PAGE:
This Is How Kristen Wiig and Maya Rudolph Navigated ‘Saturday Night Live’

‘You have to just embrace that you’re not going to figure it out’
This Is How Kristen Wiig and Maya Rudolph Navigated ‘Saturday Night Live’

Maya Rudolph gave Ego Nwodim some Saturday Night Live advice last December that has been living rent-free in Nwodim’s head ever since. “I’ve been thinking,” Nwodim said, “about (Rudolph) saying, ‘When I stopped giving a fuck is when it started to feel great and truly like play.’” 

SNL stars Nwodim, Rudolph and Kristen Wiig were all part of Hollywood Reporter’s Comedy Actress Roundtable, and eventually, the conversation turned to surviving the show. “At SNL, the schedule is so intense that when we have weeks off, I pop out and I’m like, ‘What just happened to me, and how do I regain my personhood?’” Nwodim said. 

At least she feels she’s finally finding her way on the show: “The thing that felt so transformative for me is an SNL sketch, ‘Lisa From Temecula,’ which is so fucking fun.”

“Stop giving a fuck and just play” is easy advice to give but hard to make real. Even “Lisa from Temecula” didn’t go so great at rehearsal so the sketch almost didn’t make the show at all. “So I got out there and didn’t have any expectations for how it would go,” explained Nwodim. “It was the last sketch of the night, and I was getting to improvise, the thing I love, because the chair wasn’t supposed to fall and it ended up being so fun and liberating. And I could not have planned for it. I just had to play.”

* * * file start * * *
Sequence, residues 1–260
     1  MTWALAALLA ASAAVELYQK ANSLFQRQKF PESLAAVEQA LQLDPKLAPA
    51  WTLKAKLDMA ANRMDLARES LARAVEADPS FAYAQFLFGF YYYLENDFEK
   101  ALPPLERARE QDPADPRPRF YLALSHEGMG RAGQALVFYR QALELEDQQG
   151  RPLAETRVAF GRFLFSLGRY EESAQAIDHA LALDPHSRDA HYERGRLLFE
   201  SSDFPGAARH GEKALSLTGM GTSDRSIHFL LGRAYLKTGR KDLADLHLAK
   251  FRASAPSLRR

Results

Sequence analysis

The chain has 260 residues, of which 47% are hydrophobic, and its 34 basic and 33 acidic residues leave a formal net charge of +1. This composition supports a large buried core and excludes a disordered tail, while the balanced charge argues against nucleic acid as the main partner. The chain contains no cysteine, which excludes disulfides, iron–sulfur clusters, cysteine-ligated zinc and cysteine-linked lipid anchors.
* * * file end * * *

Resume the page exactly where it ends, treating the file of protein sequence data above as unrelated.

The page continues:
Friends and fans who knew the “insane” Nwodim from her hilarious podcast and UCB appearances applauded the sketch as the most “her thing” they’d seen her do on the show. Which is great, said Nwodim, but why did it take so long? “I go, ‘Five years in!’ And some people go, ‘You should write more things like that.’ And I go, ‘Baby, if you knew how the process went. It don’t work that way.’”

No one should know how it works better than SNL legends Wiig and Rudolph, but sharing a road map is difficult. “I don’t think you can navigate it. That’s how you navigate it,” said Wiig. “I got the sense of the place when I got there and I felt uncomfortable and I was like, ‘Oh, that’s the show.’” 

Wiig figured the moment she felt like she belonged on SNL meant it was time to go. “So you have to just embrace that you’re not going to figure it out,” she explained. “And I don’t know if that’s helpful, but it helped me, because it had felt like there was a math problem I wasn’t getting.”

“And I love math,” said Nwodim.

“Me too,” agreed Wiig.

In some ways, Rudolph didn’t truly master SNL until after she’d left. “Really, coming back to SNL after I had my daughter was transformative because I gave no more fucks,” she says. “That was different for me because I was wasting a lot of time worrying about what other people thought and doing the right thing and being a good girl and a good student and a good daughter and working hard and it took (becoming a mom) for me.” 

Quinta Brunson, another member of the roundtable, thought that was an excellent solution: “I need to have a baby.”

“I will get you pregnant,” Rudolph joked.


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